POST: 'Martin Luther on Trial' - Are we reading the same book, dude?
What's it about?
Martin Luther, Sigmund Freud, Saint Peter, Dr. Martin Luther King Jr., Pope Francis, Adolf Hitler, and... Satan, in the same room?!
What'd I experience?
Since we Americans like to think everything is about us, let’s clear up that the Martin Luther on this trial isn’t our beloved Dr. Martin Luther King Jr. (although he is in it), but the ballsy German monk. Martin Luther was a German professor of theology, then priest, then monk, then badass that led the Protestant Reformation with his 95 theses in 1517.
...A moment while I flashback to my ‘kid lawyer’ moment in my high school history debate...
So, in 1500s Germany, we have the Roman Catholic Church as the self-declared example of a perfect religion. Insert then, this guy who basically exposes the church for conning the poor into thinking they can pay their way into heaven. Truth is, the church was being greedy as hell and exploiting the poor because their faith was more powerful than their logic. It honestly blows my mind to think the same book can be used to steal money and be used for good. Really makes me wonder: “Are we reading the same book, dude?”
I’m not a huge fan of unreliable things - I like answers, so for me the whole religion thing hasn’t worked out. Which is why I found it refreshing to see such a religiously influential person like Martin Luther have such a hard time figuring out his faith. This story takes place during a fictional trial (filed by Satan - yup Satan, like Lucifer Satan) that will decide whether or not Martin Luther will go to heaven. Satan and God apparently spend their time deciding who gets to keep a person in their realms, and Martin Luther happens to be next. Satan is taking the position as prosecutor and Martin Luther’s wife - Katie Von Bora - as his defense lawyer. That is true relationship goals.
Before I get people taking their crosses out and blessing me to death, I know from life experience that every time God comes up as a topic for conversation, I end up being labeled as a “Satan sympathizer,” and to some extent I get it. For this version of Martin Luther’s story, it especially makes sense because Martin Luther is essentially following the same steps that Lucifer did when he was an angel. There is an established way to obtain the status of ‘good’, but soon enough people start to realize an imbalance in power (like Lucifer and God) and we have greed in the mix, which leads to the ultimate revolt (that’s the Protestant Reformation for Luther). If I were to be 100% honest about who I connect to more in the Bible - God or Lucifer - I gotta go with the second option. Not, because I want evil to rule the world or anything, but because in the end, Lucifer's beginnings are more relatable, in my opinion, to human mistakes. All of this is coming from MY personal experience. Like I mentioned before, I respect the effectiveness of religion, but I most definitely disagree with all the manipulation involved in its practice. Like it or not, that’s the same thing that ticked both Martin Luther and Lucifer off.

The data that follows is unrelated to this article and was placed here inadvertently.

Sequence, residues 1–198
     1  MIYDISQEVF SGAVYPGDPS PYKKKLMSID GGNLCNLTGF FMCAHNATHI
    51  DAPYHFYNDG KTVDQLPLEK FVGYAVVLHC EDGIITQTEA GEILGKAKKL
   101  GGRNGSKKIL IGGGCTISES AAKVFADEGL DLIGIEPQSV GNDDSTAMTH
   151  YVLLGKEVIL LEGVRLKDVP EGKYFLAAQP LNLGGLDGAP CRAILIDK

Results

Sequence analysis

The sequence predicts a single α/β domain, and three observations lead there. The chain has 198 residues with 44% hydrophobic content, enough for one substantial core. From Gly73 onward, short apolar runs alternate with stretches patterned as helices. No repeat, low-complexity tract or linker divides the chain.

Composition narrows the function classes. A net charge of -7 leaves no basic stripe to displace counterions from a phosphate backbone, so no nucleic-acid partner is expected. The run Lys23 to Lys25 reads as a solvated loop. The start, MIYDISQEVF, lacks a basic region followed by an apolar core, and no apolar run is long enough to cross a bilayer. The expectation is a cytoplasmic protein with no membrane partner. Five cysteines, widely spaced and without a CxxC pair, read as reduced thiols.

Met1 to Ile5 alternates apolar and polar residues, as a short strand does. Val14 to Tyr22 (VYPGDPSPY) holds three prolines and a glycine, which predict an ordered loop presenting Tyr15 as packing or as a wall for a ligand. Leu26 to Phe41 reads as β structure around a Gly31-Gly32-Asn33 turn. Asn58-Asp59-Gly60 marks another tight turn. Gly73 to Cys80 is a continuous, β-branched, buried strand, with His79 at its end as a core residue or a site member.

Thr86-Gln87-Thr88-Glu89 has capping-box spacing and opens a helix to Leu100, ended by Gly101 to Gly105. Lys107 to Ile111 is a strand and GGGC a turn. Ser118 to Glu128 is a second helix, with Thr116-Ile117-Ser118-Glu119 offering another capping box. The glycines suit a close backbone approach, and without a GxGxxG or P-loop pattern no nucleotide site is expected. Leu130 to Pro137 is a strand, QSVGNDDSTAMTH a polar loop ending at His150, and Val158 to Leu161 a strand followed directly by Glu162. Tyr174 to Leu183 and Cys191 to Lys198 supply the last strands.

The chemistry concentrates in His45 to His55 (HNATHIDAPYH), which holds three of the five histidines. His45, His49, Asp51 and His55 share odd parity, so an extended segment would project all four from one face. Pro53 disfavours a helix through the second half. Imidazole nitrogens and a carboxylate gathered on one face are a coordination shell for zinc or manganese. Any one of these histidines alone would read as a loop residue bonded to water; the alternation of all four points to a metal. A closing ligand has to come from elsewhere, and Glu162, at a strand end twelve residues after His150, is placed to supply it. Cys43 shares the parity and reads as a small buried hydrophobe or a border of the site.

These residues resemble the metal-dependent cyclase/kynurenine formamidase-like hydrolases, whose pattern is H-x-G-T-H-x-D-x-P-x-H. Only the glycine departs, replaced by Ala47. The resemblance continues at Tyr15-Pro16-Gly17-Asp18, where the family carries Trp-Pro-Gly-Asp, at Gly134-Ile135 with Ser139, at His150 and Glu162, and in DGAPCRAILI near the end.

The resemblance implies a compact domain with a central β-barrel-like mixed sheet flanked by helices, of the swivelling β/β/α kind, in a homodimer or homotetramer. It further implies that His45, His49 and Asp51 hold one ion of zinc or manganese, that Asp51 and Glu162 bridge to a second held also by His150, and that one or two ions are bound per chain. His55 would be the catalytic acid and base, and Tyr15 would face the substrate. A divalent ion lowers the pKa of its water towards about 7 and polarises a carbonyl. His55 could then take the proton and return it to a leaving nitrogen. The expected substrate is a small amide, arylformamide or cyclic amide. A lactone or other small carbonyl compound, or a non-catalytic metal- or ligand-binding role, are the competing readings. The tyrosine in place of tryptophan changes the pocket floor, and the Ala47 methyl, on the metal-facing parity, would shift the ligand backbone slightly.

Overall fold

Putting such influential figures like Sigmund Freud, Dr. Martin Luther King Jr., Pope Francis, and Adolf Hitler to question about Martin Luther, to me, was like holding a mirror up to the society we live in today. That’s an eccentric group of (arguably) ‘good’ and ‘bad’ people, yet they’re all influenced by a Martin Luther who I consider to be good - at least as good as you can get in 1500s Germany. On one side, I have Dr. King telling me the guy who he was named after was a foundational influence in inspiring him to fight for civil rights for black people, but just 20 or so years previously, Hitler used those same scriptures to try and nearly succeed in exterminating an entire race.
Again, “Dude, are we reading the same book?”
Yes we are, but we get completely different outcomes. One of the things I loved about this version on Martin Luther’s story is that the answer isn’t the traditional good versus bad; it focused more so on revealing the flawed nature of both sides. Although the ending is a happy one, it doesn’t answer every question. It was forcing me to personally hold up a mirror to myself and delve into my true intentions with religion. Martin Luther exposed an institution that was thought of as flawless and the chaos that followed was seen as destruction, but by whom? Those whom it exposed. For those who had been blindly following a group of men in robes who said they spoke with God, it was like breaking a chain that held them to the will of corruption. I am lucky enough to exist in a time where religion is an option. It doesn’t mean I don’t get shit for choosing one or another, but at least I am not being burned at the stake. Ultimately, it’s the fear of not being seen as ‘good’ that rules the lives of those who have nothing but their faith to live for. Religion is full of flaws, and we need people like Martin Luther to keep those in the light.
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